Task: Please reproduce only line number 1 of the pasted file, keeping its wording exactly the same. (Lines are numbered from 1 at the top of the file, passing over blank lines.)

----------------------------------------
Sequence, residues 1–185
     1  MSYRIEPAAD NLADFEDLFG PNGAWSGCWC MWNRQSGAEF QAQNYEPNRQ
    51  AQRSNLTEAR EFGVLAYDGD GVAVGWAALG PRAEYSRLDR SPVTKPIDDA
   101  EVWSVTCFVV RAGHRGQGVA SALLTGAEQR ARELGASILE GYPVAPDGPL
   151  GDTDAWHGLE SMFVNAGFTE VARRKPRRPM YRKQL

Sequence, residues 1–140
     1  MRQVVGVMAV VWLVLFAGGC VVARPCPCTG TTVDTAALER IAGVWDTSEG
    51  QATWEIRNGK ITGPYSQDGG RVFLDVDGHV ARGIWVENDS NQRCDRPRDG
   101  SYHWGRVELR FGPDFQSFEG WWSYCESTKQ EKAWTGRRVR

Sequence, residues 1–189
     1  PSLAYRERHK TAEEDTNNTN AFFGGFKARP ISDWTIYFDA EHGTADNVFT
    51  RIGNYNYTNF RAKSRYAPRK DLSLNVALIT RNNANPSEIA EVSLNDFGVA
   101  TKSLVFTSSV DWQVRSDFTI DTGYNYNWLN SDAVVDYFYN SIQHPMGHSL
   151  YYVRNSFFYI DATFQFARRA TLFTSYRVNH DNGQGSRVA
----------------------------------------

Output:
Sequence, residues 1–185